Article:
# Plotting barplots using three categorical variables in R

My data frame is similar to this

``````df<-read.table (text=" Gender   Fruit   Food
Male    Pear    Yes
Female  Pear    Yes
Male    Grape   Yes
Female  Apple   No
Male    Grape   No
Male    Pear    No
Male    Guba    Yes
Male    Grape   No
Female  Apple   No
Female  Pear    Yes
Female  Apple   Yes
Male    Guba    No
Female  Guba    No
Male    Pear    Yes
Male    Apple   Yes
Male    Pear    No
Female  Pear    Yes
Male    Guba    No

``````

I want to get a barplot like this along with a table under this plot to show numbers:

In plot G, A, G, P should read Grape, Apple, Guba and Pear

It would be good if we could have a table under this plot to see the values. This has been done in Excel simply.

With `ggplot` you need to map each of your variables of interest to an aesthetic or a facet. So something like that could work:

``````ggplot(df) +
geom_bar(aes(x=Fruit, fill=Food),
position = "dodge") +
facet_wrap(~Gender)
``````

To add the table, you can simply compute it separately, then convert it to a graph element.

``````p_grph <- ggplot(df) +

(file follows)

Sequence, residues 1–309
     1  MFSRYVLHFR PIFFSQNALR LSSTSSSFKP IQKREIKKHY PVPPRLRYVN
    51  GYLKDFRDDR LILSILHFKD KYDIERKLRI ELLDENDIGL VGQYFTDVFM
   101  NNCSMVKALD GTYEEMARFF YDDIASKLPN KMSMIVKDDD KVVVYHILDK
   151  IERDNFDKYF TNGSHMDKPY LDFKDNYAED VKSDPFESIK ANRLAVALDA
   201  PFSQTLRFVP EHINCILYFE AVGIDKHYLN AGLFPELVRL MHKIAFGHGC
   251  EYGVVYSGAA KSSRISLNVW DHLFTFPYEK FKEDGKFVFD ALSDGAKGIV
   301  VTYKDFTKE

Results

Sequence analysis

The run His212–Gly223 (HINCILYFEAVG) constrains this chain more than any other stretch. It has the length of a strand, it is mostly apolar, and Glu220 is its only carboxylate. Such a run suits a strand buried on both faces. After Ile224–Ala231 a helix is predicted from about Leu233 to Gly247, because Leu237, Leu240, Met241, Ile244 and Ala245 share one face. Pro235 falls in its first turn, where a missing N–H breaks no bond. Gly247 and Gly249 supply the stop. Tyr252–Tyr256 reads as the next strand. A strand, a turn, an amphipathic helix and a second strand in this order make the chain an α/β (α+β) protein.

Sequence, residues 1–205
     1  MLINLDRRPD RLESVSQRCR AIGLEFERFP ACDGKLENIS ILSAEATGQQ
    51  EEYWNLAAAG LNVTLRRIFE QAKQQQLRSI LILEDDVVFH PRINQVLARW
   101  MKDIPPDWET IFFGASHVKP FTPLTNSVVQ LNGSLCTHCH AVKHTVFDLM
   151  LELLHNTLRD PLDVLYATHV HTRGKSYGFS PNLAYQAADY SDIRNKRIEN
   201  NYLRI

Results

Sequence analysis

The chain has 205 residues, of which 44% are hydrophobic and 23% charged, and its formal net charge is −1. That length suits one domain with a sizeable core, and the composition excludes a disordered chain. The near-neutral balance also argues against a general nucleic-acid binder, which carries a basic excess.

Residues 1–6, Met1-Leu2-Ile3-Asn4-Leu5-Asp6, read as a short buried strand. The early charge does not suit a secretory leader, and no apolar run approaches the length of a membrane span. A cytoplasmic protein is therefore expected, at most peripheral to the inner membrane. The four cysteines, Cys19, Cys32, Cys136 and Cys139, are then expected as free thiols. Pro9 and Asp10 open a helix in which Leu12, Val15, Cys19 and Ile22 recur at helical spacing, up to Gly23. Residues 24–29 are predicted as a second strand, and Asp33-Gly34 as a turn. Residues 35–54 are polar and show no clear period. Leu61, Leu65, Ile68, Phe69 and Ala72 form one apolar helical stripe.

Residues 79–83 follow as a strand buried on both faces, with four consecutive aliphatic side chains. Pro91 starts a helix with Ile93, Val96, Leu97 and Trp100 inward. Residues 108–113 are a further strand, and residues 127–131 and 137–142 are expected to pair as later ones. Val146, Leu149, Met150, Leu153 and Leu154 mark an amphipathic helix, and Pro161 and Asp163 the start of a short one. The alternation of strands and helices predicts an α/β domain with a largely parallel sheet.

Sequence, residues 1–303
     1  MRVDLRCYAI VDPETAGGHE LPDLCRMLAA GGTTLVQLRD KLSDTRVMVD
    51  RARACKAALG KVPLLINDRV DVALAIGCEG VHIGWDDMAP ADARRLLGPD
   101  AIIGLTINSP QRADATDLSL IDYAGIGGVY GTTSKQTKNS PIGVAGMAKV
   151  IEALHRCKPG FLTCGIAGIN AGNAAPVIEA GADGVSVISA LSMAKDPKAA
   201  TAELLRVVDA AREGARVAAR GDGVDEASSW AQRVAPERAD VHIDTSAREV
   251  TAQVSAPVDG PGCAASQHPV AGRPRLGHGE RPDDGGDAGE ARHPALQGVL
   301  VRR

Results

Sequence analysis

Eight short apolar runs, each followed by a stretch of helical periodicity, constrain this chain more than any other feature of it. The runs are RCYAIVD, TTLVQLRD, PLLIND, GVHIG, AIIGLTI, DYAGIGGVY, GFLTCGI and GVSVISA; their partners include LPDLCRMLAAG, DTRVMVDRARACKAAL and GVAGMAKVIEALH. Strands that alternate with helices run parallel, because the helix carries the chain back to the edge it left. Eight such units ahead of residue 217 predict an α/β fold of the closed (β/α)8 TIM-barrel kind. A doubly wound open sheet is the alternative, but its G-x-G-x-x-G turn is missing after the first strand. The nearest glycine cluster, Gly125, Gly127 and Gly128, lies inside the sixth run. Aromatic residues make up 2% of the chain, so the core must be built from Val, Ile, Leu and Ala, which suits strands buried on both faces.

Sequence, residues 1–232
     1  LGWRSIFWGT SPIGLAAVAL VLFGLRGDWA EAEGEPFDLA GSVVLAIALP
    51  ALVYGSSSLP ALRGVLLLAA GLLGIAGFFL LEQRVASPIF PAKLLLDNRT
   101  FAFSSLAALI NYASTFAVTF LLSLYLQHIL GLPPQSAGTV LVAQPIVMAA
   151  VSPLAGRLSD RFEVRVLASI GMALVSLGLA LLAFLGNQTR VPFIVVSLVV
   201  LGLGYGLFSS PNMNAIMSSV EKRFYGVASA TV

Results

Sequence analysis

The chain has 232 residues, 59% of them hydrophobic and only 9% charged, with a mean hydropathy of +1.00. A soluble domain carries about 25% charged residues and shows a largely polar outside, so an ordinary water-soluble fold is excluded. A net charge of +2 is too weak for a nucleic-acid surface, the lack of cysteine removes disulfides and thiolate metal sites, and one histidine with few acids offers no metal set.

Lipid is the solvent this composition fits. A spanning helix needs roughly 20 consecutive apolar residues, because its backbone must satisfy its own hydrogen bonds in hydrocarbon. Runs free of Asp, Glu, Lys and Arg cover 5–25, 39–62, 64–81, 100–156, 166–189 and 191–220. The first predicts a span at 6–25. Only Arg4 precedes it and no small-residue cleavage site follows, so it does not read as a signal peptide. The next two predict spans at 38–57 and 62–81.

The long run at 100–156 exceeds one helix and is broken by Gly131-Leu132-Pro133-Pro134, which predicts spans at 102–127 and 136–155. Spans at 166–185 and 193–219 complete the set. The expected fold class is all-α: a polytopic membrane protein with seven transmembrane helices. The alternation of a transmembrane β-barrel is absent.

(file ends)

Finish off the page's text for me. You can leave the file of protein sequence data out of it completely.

geom_bar(aes(x=Fruit, fill=Food),
position = "dodge") +
facet_wrap(~Gender)

p_table <- df %>%
group_by(Gender, Fruit, Food) %>%
summarize(count=n()) %>%
gridExtra::tableGrob()

gridExtra::grid.arrange(p_grph, p_table)
``````

• As Duck illustrated, you can generate the table separately with `group_by` and `summarize`, and attach it with the plot with `patchwork` (or include them both in an Rmarkdown document). I'm editing my answer with a `gridExtra` illustration. Commented Dec 4, 2020 at 13:48

You can also try:

``````library(ggplot2)
library(dplyr)
#Code
df %>% group_by_all() %>% summarise(N=n()) %>%
ggplot(aes(x=Fruit,y=N,fill=Fruit))+
geom_bar(stat = 'identity',
position = position_dodge2(0.9,preserve = 'single'))+
facet_wrap(Gender~Food,scales = 'free',nrow = 1)+
theme(legend.position = 'top')
``````

Output:

If you want to add a table, you can use `patchwork`:

``````library(patchwork)
#Data for table
Tab <- df %>% group_by_all() %>% summarise(N=n())
#Code
G1 <- df %>% group_by_all() %>% summarise(N=n()) %>%
ggplot(aes(x=Fruit,y=N,fill=Fruit))+
geom_bar(stat = 'identity',
position = position_dodge2(0.9,preserve = 'single'))+
facet_wrap(Gender~Food,scales = 'free',nrow = 1)+
theme(legend.position = 'top')
#Compose
G1+gridExtra::tableGrob(Tab)
``````

Output:

If you want the table below, you can change `+` by `/`.

• @user330 Yes, I will add now!
– Duck
Commented Dec 4, 2020 at 0:17
• @user330 I have added an update, hoping that helps!
– Duck
Commented Dec 4, 2020 at 0:27
• Thank you- I am sorry, but when I run your codes on large sample size, barplot looks the same. and the table provided does not help as there is no evidence of the frequency distribution of variables. I can get easily using SPSS and Excel. Commented Dec 4, 2020 at 0:43
• @user330 Yeah, with large data you should be careful of how to arrange the data, here the sample is small.
– Duck
Commented Dec 4, 2020 at 0:56